In recent years, Soupy attended Ocean City's Doo-Dah Parade, even judging a pie in the face contest. It appeared he had a stroke, which limited his mobility, yet he was a regular guest at some of the city's events, such as a rally for deceased comedian and politician Pat Paulsen in 2008. Though he sat in a wheelchair, gaping mouthed and silent, he appeared very responsive and aware of the celebrity impersonators around him, and seemed to enjoy the moment.
I might sound like a 90-year old curmudgeon on a fixed income here, but young people today will never have firsthand knowledge of comedic legends like Soupy Sales. Sure, they have their Dane Cook and the in-your-face, OMG attitudes of pop culture screaming by them at warp speed, but in living in such a hyperactive world where ADD is as common as texting, American Idol or the latest portable entertainment gewgaw, it lacks perspective. When life is flashing by you and the audacious and obnoxious passes for political debate and entertainment, when snark and profanity are the end-all-be all and alpha and omega of existence, you don't have that vista of where we've been and how far we've climbed.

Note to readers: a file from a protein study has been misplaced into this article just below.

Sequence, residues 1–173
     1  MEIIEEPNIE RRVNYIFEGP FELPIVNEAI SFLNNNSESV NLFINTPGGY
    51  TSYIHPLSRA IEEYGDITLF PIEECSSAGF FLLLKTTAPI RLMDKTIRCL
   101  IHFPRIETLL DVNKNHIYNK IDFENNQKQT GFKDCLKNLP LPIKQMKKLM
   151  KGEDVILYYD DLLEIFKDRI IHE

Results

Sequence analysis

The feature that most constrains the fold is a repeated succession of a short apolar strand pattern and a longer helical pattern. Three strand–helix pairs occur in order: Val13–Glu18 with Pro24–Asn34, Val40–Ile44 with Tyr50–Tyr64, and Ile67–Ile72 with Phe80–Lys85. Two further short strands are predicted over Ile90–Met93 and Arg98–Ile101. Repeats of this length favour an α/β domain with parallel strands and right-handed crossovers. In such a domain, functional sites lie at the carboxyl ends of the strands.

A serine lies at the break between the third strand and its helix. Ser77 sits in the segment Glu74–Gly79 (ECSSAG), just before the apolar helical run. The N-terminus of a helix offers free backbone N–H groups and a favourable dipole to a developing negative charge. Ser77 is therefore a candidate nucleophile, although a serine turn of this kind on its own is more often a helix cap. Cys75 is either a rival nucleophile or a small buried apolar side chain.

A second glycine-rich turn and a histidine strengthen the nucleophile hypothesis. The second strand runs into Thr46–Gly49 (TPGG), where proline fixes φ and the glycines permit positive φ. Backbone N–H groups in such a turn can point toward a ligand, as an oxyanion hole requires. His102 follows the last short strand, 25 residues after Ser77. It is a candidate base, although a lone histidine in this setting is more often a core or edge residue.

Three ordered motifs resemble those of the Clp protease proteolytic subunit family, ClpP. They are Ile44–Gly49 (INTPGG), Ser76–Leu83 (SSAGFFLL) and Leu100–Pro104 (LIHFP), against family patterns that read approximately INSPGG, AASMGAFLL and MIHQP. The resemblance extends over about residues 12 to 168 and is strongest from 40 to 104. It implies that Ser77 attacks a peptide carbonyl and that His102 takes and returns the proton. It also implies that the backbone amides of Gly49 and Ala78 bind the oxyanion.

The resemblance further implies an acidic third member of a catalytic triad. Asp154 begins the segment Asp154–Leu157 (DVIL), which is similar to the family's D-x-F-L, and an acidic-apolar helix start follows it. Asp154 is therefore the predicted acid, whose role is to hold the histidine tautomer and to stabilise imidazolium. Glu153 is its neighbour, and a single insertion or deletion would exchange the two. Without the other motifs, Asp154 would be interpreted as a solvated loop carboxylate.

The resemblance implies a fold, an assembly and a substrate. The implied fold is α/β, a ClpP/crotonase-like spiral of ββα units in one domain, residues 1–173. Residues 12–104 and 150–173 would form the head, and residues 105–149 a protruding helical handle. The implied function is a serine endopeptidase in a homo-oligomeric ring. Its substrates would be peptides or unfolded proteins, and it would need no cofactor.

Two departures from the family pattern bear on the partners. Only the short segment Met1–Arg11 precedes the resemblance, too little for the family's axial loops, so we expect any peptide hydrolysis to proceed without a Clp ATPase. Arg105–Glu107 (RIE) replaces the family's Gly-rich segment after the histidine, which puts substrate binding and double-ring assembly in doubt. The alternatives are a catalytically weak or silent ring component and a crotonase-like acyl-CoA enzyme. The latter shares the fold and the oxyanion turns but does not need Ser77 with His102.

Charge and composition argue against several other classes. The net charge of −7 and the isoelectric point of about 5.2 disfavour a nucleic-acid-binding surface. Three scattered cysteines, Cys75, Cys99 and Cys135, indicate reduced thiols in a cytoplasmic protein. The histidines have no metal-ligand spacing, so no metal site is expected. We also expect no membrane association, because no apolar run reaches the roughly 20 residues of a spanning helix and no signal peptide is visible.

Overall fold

And in that, you lose perspective.
Now don't get me wrong. South Park and Family Guy are two of my favorite shows, combining animation with biting social commentary or in the case of the latter, surreal and funny sight gags. Yet Trey Parker, Matt Stone and Seth MacFarlane are really the bastard children of Soupy Sales. Their comedy is an evolution from Soupy's canned shtick. The old school comedians like Richard Pryor, George Carlin and Andy Kaufman paved the way for Bill Hicks, Sam Kinison and Richard Jeni, who in turn inspired the current pumper crop of comedic talent in Patton Oswalt, Greg Giraldo and Lisa Lampanelli.
Lingering in the background were the venerated fathers of 20th century comedy: Soupy Sales, Tim Conway, Harvey Korman, Mel Brooks and Woody Allen. Each of their acts different yet eerily similar in the way they applied comedy, through joke telling on the new medium of television and films. For boundary pushers and shocking innovators like Lenny Bruce, who worked in smoke-filled nightclubs, it wasn't the medium but the message that changed what we thought was funny and challenged the puritanical prudence of the 1950s and early 1960s.
Yet Soupy was a creature unto himself, a Vaudevillian who harnessed the airwaves with shlock and shtick and inspired everyone from Pee Wee Herman to Howard Stern with risque double entendres, a stripper in the closet and a pie in the face.